Professionally Speaking welcomes letters and articles on topics of interest to teachers. We reserve the right to edit letters for length and to conform to our publication style. To be considered for publication, letters must provide the writer's daytime phone number. Address letters to: The Editor, Professionally Speaking at or 121 Bloor Street East, Toronto, ON M4W 3M5.

Transitions, thresholds and solutions

Job scarcity

I read with great interest your article, Transition to Teaching (December 2007). My husband, daughter and I moved from Mississauga to Ottawa in August 2006. My husband, who taught full time in Peel for four years, has been supply teaching in Ottawa due to the extreme scarcity of jobs.

My interest, however, quickly changed to disappointment when I realized the article was merely reporting on the problem, not articulating solutions (or even ideas) on how to alleviate it.

Who is responsible for assisting with this? Is it the College, the governing body of your profession? Is it the unions, with collective bargaining demands?

I think that some answers may lie in temporarily restricting the number of new graduates. Why are we setting up these new grads for failure in the job market? Also, if retirees supply teaching and taking contract assignments is limiting opportunities for those trying to enter the profession, can you not look at this practice?

There are many people like us who cannot go down this path of employment instability and reduced finances much longer.

Andrea Martin works in human resources in Ottawa; her husband is currently an occasional teacher with the Ottawa Carleton DSB.

Professional limits

As an educator who has taught both in pre-College times and under the current regime, I must say that I am thoroughly appalled by your mandate to deal with issues that clearly should not be within your purview.

The Governing Ourselves section (December 2007), Investigations, Dispute Resolution and Hearings, correctly deals with issues of gross misconduct, gross incompetence and criminal behaviour. However, one case – a teacher placing elastics around a student’s ankles to help hold up the child’s socks – and others of similar magnitude in previous editions – should never be part of your mandate. Applying this extremely low threshold, I would expect that more than half of the teachers I have associated with would be before you, defending their actions and having their lives turned upside down.

The College clearly needs to adjust the benchmark for what qualifies as an issue that it should address.

Teaching is a lifelong and honourable commitment made, in the majority, by dedicated people who will never need to be disciplined at the College. Please do not create a Workplace of Fear, where teachers must constantly second-guess all of their actions.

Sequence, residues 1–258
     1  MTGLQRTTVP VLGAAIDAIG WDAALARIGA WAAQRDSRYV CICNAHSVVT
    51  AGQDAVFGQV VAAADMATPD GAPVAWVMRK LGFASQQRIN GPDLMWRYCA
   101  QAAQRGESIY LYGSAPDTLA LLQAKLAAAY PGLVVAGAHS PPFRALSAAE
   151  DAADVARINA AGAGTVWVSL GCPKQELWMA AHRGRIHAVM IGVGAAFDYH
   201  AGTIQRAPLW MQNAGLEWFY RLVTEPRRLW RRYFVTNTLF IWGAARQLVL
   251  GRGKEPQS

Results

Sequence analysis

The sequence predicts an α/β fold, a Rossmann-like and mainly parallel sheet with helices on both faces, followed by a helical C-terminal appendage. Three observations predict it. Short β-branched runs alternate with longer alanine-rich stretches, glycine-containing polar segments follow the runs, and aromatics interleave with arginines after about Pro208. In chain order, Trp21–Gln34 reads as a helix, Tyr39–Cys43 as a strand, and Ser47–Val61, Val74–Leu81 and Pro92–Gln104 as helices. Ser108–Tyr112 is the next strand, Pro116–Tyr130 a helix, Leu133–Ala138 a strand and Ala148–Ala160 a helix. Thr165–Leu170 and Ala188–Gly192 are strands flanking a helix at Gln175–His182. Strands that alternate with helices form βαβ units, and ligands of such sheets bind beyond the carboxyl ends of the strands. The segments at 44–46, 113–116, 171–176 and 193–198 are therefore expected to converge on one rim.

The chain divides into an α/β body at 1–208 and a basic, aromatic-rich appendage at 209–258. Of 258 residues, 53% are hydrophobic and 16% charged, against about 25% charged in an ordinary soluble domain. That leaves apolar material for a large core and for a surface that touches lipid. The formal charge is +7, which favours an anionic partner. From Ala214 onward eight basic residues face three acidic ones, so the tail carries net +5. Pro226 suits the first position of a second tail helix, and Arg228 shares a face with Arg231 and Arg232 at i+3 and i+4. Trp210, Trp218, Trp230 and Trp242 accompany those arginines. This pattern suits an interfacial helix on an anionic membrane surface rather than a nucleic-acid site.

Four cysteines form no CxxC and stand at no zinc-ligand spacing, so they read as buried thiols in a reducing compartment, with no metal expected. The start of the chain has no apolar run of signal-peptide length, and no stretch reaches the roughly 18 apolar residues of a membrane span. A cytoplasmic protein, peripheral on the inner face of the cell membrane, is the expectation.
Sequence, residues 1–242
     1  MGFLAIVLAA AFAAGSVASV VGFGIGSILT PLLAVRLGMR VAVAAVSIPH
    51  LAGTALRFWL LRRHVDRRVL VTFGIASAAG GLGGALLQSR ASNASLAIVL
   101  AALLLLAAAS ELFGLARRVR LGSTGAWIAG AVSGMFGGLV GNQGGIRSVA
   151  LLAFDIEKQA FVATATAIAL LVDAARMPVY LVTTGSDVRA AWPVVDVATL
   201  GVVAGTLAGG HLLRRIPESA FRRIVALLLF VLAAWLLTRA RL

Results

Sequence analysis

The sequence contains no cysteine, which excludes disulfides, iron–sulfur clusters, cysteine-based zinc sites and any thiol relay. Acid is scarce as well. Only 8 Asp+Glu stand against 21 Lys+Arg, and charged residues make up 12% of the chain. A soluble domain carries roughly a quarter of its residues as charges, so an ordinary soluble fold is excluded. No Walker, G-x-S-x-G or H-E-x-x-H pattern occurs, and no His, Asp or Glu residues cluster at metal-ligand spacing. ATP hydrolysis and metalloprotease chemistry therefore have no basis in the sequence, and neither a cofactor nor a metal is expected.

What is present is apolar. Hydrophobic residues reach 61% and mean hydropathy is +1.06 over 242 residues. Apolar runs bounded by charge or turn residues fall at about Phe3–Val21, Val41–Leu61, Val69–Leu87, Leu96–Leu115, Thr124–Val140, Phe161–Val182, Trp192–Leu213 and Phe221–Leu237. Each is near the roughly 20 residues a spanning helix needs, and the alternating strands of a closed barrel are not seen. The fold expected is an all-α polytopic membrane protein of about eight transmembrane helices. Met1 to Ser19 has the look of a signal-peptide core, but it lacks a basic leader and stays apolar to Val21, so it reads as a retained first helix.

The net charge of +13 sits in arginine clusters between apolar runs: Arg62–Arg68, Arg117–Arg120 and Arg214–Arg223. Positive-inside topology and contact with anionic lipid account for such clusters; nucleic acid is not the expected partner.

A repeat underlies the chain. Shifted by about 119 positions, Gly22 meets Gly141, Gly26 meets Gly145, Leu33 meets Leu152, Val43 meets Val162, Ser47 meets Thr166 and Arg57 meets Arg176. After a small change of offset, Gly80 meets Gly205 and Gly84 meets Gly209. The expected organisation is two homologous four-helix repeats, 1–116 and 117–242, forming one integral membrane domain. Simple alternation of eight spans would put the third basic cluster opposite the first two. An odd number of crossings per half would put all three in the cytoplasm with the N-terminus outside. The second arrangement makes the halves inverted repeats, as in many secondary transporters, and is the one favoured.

Brad M. Ryan teaches computer and mathematics at Brebeuf College School in the Toronto Catholic DSB.

Supplying demand

The complaint from the primary-junior teacher in northeast Ontario (Transition to Teaching, December 2007) that “Many supply positions are filled with retired teachers” strikes a chord with me.

For two years (2001–03), I worked as an occasional for a total of four school boards in eastern Ontario. Each morning, I would rise at 6 a.m., dress and wait, lunch in hand, for the dispatch to call with an assignment. I filled every vacancy that I was asked to fill.

Time and time again, I noticed retired teachers supply teaching – often at the school from which they had retired. They had the plum assignments (well-behaved classes) while journeymen supply teachers would be placed in the more challenging classes. I listened in the lunchroom as teachers passed on supply days to their retired friends.

If teaching jobs were aplenty, this practice of fortifying pensions with the odd teaching day would be quite commendable. However, this is not the case and it would be noble if our retired brethren took this into account.

Bill Saunders was an occasional and LTO teacher for school boards in the Ottawa, Kemptville and Brockville regions and now works for the English Montréal School Board.

Across the sea

Just finished your story, Emerging employment crisis for English-language teachers (Transition to Teaching, December 2007).

As the parent of a teacher who left for England to find employment, I am totally discouraged that my son will ever be able to return to Canada. I was disheartened to see that you offered no solution to this issue.

May I suggest that for a period of years you only license 66 per cent of graduates.

This might give pause to some who are thinking of a teaching career and allow past graduates a chance of finding full-time positions.

Richard Cameron lives in Bridgewater, NS; his son has been licensed to teach in Ontario since 2004.

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